Hales not seeking reelection in 2015

Published 7:00 am Saturday, June 20, 2015

Long time public servant Anthony Hales will not be running for reelection this year.
He currently serves as the District I Supervisor for Pearl River County, but will step down after this election cycle picks his replacement.
Hales began his political career in 1985 when he was elected to the Poplarville Board of Aldermen, but had to make a tough choice; give up his well paying job as a cable repair technician with the phone company, or stay in Poplarville to assume his seat. The decision came about because his employer was conducting layoffs, but offered to move him to another market, meaning if he took the job he would have to give up his seat on the board.
After some prayer, Hales said he decided to stay in Poplarville and look for other work, eventually taking jobs with an industrial company in Purvis, the ammo plant at Stennis Space Center and the Poplarville School District.
When he initially took office, Hales thought it would be as far as he wanted to go in politics, until a new district was formed in the county in 1995.
He eventually decided to run for the position with a little coaxing, where he has been serving the county ever since.
Hales admits that during his tenure as a politician he’s made mistakes, but always made decisions under the advisement of the Holy Spirit.
During his tenure Hales has seen many things change in the county, and has seen the Board of Supervisors make strides in moving the county forward.
But there’s one thing he would rather not be remembered for.
“A lot of people want to make a big deal that I was the first African American to be elected to both positions, but I don’t want to be remembered for that fact,” Hales said.
What he does want to be remembered for is his conscientious approach to making decisions, how he considered how every vote he made would affect the citizens and the good things that were accomplished while he was part of the board.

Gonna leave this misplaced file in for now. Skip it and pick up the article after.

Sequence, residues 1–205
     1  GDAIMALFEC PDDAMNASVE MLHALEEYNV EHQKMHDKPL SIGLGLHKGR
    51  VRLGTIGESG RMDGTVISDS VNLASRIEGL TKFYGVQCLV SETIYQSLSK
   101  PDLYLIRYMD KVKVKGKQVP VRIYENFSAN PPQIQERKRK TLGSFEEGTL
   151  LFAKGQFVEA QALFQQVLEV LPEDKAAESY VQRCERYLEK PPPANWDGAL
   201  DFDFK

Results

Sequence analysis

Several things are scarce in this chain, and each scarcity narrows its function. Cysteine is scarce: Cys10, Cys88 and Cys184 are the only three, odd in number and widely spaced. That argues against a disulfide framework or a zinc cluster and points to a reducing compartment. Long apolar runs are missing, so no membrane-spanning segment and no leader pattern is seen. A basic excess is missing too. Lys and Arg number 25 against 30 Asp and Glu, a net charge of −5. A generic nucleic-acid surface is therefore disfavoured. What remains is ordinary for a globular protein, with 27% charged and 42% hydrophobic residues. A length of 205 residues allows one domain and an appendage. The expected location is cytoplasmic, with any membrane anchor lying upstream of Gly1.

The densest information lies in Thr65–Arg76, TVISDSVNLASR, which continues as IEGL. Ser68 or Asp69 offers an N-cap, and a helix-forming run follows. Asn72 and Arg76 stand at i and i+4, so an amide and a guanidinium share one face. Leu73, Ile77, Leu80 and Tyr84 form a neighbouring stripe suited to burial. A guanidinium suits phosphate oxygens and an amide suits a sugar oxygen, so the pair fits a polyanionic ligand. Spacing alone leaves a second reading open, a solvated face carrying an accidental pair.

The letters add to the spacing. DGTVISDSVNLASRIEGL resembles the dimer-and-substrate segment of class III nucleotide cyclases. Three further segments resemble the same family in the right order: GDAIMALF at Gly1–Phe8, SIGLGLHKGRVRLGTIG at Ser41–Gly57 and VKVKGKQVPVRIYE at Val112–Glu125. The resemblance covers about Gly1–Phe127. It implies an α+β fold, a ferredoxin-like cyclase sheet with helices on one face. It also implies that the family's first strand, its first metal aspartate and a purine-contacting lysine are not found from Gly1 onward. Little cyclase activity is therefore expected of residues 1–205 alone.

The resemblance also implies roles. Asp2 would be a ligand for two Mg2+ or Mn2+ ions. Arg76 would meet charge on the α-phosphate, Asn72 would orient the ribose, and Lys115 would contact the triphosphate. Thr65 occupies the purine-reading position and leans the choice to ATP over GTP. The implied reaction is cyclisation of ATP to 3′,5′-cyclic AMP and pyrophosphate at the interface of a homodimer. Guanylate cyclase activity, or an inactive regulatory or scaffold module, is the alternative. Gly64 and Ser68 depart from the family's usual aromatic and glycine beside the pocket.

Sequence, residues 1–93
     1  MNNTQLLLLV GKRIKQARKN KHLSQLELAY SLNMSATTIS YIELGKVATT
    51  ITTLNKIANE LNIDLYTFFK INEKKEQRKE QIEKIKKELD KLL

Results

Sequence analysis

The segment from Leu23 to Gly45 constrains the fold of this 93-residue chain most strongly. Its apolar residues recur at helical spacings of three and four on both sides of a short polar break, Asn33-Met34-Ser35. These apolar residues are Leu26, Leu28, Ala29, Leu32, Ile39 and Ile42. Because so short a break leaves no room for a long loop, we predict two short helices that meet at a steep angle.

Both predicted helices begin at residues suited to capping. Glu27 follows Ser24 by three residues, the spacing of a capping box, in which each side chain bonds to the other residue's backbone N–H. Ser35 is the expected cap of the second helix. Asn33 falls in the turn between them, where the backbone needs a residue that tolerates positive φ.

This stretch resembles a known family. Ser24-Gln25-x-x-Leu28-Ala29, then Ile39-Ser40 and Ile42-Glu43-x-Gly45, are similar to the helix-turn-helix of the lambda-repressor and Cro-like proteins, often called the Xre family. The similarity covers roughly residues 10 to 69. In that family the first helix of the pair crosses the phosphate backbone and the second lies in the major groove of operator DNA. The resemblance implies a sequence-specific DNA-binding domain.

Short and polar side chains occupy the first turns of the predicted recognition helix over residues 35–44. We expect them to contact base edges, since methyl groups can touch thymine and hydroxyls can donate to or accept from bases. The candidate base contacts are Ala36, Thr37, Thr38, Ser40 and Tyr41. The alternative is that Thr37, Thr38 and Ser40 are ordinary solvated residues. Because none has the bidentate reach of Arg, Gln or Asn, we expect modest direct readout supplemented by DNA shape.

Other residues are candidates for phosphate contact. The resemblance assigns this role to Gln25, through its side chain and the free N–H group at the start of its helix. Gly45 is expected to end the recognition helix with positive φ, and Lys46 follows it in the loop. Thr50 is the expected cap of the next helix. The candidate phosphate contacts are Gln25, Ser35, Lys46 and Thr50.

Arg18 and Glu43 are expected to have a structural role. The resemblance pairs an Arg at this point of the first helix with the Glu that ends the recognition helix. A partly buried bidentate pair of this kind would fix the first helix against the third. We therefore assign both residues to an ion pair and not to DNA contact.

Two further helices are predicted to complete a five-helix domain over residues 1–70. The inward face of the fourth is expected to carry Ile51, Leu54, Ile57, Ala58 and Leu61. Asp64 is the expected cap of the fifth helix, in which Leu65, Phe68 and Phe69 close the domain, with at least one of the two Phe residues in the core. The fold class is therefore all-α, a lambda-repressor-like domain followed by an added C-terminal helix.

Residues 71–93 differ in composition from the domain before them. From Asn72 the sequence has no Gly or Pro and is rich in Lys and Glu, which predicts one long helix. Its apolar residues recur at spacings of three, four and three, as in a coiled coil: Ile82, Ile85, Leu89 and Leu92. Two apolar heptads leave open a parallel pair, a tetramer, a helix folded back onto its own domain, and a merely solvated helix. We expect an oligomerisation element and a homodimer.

He concedes there were times when he had to make compromises on some matters because the population or his party was not ready for the change.
Some things he would like to see change in the future concerns how the state and federal governments stifle local power. Hales would also like to see changes take place in the current tax structure to help create an environment that would attract industry, spur job growth and minimize the level of involvement the state’s capital has on tax abatements, which essentially decide where new industry will set up shop.
Hales also has some advice for the winner of the upcoming election; search for information, be mindful of a decision’s effects, attend conventions and develop a vision for the future.
“Never be closed minded and unwilling to have a conversation with anyone that has experience,” Hales said.
That new supervisor should also keep in mind the job of county supervisor is not as easy as it looks, and they will be judged by what is said and done in open meetings, even though there’s more to the job.
“You got to grow some tough skin because everybody’s not going to like you,” Hales said.
At times, especially when times are tough, the public has a tendency to point fingers at the elected officials. He used President Barack Obama taking office during a recession as an example. But, he said once elected to office, there’s a job to do.
“If you can’t stand behind the decisions you make, you don’t need to be making them,” Hales said.
In his soon to be abundant free time, Hales will work to inform the public on how to vote smarter and help them understand important issues so they can become more informed, especially when it comes to the legislature and higher offices.
“American voters have been taken advantage of by greedy politicians,” Hales said.

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